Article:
Until recently, most people were likely unfamiliar with the term "supply chain." That was until the carpet, chair, or laptop they ordered wouldn't arrive for weeks.
From memory chips to fabric, everyday products depend on materials shipped from overseas. According to The Maritime Executive, "With 90 percent of trade traveling via maritime conveyance, the supply chain heavily relies upon the maritime transportation system."
The maritime supply chain crisis went from a business term to a significant, mainstream headline. The blockage of the Suez Canal caused delays to the tune of $9 billion a day and increased the price of crude oil by 4%. In the summer of 2021, container ships in the port of Los Angeles and Long Beach waited days to dock and unload, causing crowding shipping lanes and increasing costs every day.
What happens when the ships don't come in
Running a supply chain that heavily relies on maritime shipping is challenging in any year, but almost every weak link in the supply chain broke over the past two years. So many things can go wrong, resulting in a ripple effect that impacts every aspect of maritime conveyance:
- Miscommunication between suppliers and shippers
- Broken commitments and unclear PO statuses
- Port and customs delays
- Drayage and ground transportation delays
- Warehouse labor shortages
- Consolidation/de-consolidation of inbound shipments for further distribution
- Increasing rates from carriers and freight forwarders
Most experts believe that the risk of supply chain disruptions of this magnitude will continue unless the industry takes action to fix its data problem.
Data inaccessibility is a constant problem
Sharing data about day-to-day operations is a broken process. Like an information "Tower of Babel," each party in the maritime supply chain uses its own systems to run operations, which means every organization has only a partial view of the information needed to track shipments and supplies.
What's more, critical information about the status of shipments and deliveries is locked inside files, emails, PDFs, spreadsheets, phone calls, or even WhatsApp or siloed inside legacy ERP, WMS, TMS, and planning systems—all mostly unavailable in any realistic timeframe to partners. Beyond data sharing inefficiencies, information is often inaccurate, inconsistent, and out of date. In other words, there is no one source of truth for tracking and monitoring the state of the supply chain.
These data constraints have become so marked that the US Federal Maritime Commission (FMC) has recently launched research and an industry initiative focused on "pinpointing how data can contribute to the long-term reliability of the domestic cargo delivery system." Increased transparency, information sharing, and creating common data standards should prevent maritime shipping crises of this magnitude.
According to Commissioner Benzel, the person responsible for leading the research: "The FMC will work with the industry to develop greater systems of transparency for services surrounding the international intermodal transportation of goods. Our port gateway corridors are limited by physical constraints, and the best options for efficiencies lie with the greater utilization of information technologies and coordination between the different modes in the supply chain."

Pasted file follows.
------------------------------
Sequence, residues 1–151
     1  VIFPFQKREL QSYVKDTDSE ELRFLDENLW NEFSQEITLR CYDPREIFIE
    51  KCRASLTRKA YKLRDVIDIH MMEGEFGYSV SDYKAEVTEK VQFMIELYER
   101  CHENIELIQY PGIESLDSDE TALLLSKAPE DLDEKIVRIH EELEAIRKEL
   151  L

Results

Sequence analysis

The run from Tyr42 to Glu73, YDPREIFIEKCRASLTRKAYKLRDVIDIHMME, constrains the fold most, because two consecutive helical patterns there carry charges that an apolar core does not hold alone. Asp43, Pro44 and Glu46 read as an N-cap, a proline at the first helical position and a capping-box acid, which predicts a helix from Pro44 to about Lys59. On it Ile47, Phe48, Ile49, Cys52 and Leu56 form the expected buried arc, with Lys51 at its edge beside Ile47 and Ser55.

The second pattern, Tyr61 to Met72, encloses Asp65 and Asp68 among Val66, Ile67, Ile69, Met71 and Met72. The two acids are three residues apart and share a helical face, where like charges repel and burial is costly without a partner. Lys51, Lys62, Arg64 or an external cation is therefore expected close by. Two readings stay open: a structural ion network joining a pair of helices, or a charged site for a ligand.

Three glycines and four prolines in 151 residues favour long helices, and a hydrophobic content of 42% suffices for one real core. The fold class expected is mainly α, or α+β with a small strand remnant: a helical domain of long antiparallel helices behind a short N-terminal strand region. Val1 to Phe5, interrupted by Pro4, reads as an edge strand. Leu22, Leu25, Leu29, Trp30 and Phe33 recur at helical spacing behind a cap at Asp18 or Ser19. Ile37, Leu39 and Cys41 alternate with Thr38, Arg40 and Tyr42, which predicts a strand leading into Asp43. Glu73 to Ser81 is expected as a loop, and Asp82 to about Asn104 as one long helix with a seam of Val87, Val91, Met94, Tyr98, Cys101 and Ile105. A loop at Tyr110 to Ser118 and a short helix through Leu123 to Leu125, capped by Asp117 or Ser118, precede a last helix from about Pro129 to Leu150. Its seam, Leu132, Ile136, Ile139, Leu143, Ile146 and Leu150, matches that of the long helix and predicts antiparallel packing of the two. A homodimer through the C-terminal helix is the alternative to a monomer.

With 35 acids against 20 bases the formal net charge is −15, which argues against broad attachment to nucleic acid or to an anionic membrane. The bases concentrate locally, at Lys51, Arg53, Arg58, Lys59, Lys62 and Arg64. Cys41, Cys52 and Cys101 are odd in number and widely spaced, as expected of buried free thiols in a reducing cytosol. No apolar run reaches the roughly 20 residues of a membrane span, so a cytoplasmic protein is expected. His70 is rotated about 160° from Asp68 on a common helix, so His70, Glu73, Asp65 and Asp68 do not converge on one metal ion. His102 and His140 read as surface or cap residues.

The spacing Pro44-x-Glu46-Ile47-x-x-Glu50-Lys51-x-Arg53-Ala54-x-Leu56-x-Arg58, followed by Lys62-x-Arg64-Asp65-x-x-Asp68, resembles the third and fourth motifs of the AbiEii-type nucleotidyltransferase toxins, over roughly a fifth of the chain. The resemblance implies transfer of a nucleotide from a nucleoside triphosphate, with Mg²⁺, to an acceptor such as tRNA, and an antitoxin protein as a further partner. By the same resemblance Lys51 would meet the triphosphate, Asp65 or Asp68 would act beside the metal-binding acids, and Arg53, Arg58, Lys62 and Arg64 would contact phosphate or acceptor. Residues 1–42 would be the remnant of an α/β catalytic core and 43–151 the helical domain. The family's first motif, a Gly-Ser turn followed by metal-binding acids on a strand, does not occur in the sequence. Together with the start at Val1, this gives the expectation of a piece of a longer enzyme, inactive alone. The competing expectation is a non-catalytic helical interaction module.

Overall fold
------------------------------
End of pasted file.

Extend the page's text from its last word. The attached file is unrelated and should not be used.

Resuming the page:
What we’re doing to fix it
At UnitySCM, we're already on it! Our supply chain data lake offers a centralized repository of structured and unstructured data from all points in the supply chain. We organize the data, clean it, and produce a high-quality, real-time view of our customers’ entire supply chain network. Essentially, we provide what the industry, and our customers, have always wanted but didn't know they needed.
Furthermore, we make data and information accessible and visible to non-technical business users, allowing them to access our built-in analytics and disruption-detection tools. Finally, we effectively translate data from external sources and convert it to speak your "data jargon" (e.g., from supplier status codes or SKUs to yours) and distribute the information to other systems and partners.
With better information and data sharing, companies benefit from exponential levels of real-time transparency, resulting in improved communications with partners, suppliers, and team members. For example, consider a typical shipment of chairs built, assembled, and destined for e-commerce customers across the U.S. With Unity SCM, companies can:
- Ensure suppliers deliver on time by collaborating on plans and providing live updates on purchase order statuses.
- Know when inventory is going to be available by tracking shipments across modes with real-time data from carriers, ports, drayage, and ground transport
- Provide organizations with clarity and predictability (sales, warehouse planning) by pushing updated statuses into the ERP and a forward-looking view of inventory that consistently updates
- Prevent production downtime by identifying raw material shortages at the supplier and carrier level
As a result, companies can reduce lost sales due to shortages, improve inventory and shipment visibility, and detect supply changes in advance. They also save money by lowering buffer inventory and increasing people and resource efficiency, as their teams spend minutes, not weeks, capturing real-time data. Improved planning and accurate data are available within minutes after connecting the data sources.
Everyone wants to get the right products, to the right places, at the right time. That's why we're committed to making it easier for companies to get goods to market, reducing supply chain bottlenecks, and lowering costs to guarantee that supply chains are more resilient and efficient in the future.
For more information about the UnitySCM supply chain data cloud, request a demo.